Marasco&Nesselbush personal injury lawyers


Avandia, also known as rosiglitazone, is manufactured by GlaxoSmithKline (GSK) and was approved by the U.S. Food and Drug Administration (FDA) in 1999 for individuals with diabetes to help improve their glucose (blood sugar) level control. Since then, Avandia has been widely used by thousands of Type 2 diabetics. Unfortunately, concern about the safety of Avandia and whether the benefits of the drug outweigh the potential risks surfaced in 2007 and continues to affect Type 2 diabetes patients today.


A Cleveland Clinic cardiologist conducted a study in 2007 that suggested Avandia increased the risk of heart attacks. A Congressional inquiry, severe safety warnings, and a plummet in the drug’s sales ensued. However, it wasn’t until September 2010 that the FDA announced it would significantly restrict the use of Avandia (rosiglitazone) to patients with Type 2 diabetes who cannot control their diabetes on other medications. The new restrictions were in response to data that suggested a heightened risk of cardiovascular events, such as heart attack and stroke, in patients treated with Avandia.

At Marasco & Nesselbush, we skillfully handle many product liability cases. If you have a case involving dangerous drugs or failure to warn, please contact us.


People with Type 2 diabetes face potential complications from their disease. Type 2 diabetes can cause serious health issues, such as eye problems; feet and skin sores; infections; pain; nerve damage; kidney damage; digestion problems; and difficulty controlling blood pressure and cholesterol, resulting in increased risks of heart attack and stroke.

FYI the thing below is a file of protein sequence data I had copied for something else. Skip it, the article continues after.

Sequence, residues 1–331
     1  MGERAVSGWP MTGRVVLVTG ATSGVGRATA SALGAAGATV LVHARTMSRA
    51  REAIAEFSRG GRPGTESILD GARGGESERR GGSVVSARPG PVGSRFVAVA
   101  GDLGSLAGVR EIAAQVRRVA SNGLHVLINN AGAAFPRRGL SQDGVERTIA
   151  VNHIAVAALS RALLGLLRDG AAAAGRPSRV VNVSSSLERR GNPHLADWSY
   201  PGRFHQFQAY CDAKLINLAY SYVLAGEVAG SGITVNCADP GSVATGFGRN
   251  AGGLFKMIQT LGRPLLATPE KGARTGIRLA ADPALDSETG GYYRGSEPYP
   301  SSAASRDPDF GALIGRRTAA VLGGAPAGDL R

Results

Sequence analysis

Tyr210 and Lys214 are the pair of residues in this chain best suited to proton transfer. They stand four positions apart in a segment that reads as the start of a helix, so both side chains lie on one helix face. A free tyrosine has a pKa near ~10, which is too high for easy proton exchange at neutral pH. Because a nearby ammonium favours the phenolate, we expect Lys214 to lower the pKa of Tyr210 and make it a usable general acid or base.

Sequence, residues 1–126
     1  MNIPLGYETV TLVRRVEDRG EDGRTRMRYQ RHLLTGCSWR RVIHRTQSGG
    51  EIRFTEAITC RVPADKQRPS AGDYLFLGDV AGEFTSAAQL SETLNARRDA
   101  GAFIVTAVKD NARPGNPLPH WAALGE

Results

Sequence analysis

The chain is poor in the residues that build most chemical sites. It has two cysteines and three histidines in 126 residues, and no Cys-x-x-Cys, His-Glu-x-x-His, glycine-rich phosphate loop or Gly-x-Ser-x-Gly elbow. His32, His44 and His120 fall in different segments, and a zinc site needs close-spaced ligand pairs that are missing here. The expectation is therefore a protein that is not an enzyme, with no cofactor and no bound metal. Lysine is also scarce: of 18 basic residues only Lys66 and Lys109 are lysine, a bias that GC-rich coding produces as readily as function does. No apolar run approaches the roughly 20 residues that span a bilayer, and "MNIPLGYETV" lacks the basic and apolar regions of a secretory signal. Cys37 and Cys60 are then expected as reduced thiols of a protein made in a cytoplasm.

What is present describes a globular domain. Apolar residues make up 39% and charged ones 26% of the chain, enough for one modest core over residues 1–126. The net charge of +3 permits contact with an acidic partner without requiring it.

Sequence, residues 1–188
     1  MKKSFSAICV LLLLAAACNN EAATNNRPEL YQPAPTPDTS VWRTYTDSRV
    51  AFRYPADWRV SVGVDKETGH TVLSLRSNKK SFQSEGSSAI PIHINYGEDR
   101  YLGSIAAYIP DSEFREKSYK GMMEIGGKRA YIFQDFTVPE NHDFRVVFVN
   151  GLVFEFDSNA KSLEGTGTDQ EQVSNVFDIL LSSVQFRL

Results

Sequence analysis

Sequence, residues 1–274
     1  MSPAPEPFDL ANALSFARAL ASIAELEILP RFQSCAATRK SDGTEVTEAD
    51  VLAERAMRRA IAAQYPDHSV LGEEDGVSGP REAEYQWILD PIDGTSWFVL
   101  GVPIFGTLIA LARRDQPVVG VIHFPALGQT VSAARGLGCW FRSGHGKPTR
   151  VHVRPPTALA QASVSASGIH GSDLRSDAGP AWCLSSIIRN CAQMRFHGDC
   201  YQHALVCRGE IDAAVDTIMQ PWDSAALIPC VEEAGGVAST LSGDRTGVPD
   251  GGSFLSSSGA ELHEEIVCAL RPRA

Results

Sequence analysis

Diabetes is prevalent in the U.S. According to the National Institute of Diabetes and Digestive and Kidney Diseases (NIDDK), almost 6 million people in the United States have Type 2 diabetes without knowing it. What’s even more striking is that based on American Diabetes Association data released in January 2011, 25.8 million children and adults in the United States (8.3% of the population) have diabetes. In fact, about 1.9 million new cases of diabetes were diagnosed in individuals aged 20 years or older in 2010.


As patients, we trust that the medications we are prescribed or purchase over-the-counter are safe and properly labeled. Although most pharmaceuticals have side effects, it is essential that drug manufacturers properly test their products to determine the extent of the side effects so as to warn consumers about the potential complications associated with a drug. Drug label errors do happen, and some drugs are simply unsafe. The FDA is in charge of investigating the safety of a wide range of products, including medications. Additionally, the FDA must also issue warnings to drug manufacturers regarding the safety of prescription drugs. Unfortunately, the agency’s efforts and the announcement of new side effects or recalls often come too late for some patients.

A drug manufacturer’s failure to warn of potential side effects can cause a patient to suffer serious physical harm, not to mention financial and psychological consequences. As Providence RI personal injury attorneys, we are committed to personal, social, and economic justice. Each and every one of our clients receives compassionate, effective, and comprehensive legal assistance for their specific case. It is our duty to protect the rights of people who have suffered because of a manufacturer’s oversight, negligence, or desire to put profits ahead of consumer safety. To learn more about how our Rhode Island personal injury attorneys can help, call 401-443-2999 today.


If you think you may have a car accident case, contact us now for a FREE consultation


A car accident, becoming caught in a piece of machinery can sever, crush, tear or mangle fingers, toes, hands, feet or even an entire limb. In some cases, an injured body part may be so severely damaged that reconstruction is not possible and surgical amputation is the only viable option.

In other cases, a severed body part may be reattached after a traumatic amputation. The National Institute of Health’s Medline Plus website says new techniques for limb replantation have been moderately successful, but incomplete nerve regeneration remains a major limiting factor. Many patients instead fare better with a well-fitting functional prosthesis, Medline Plus says.

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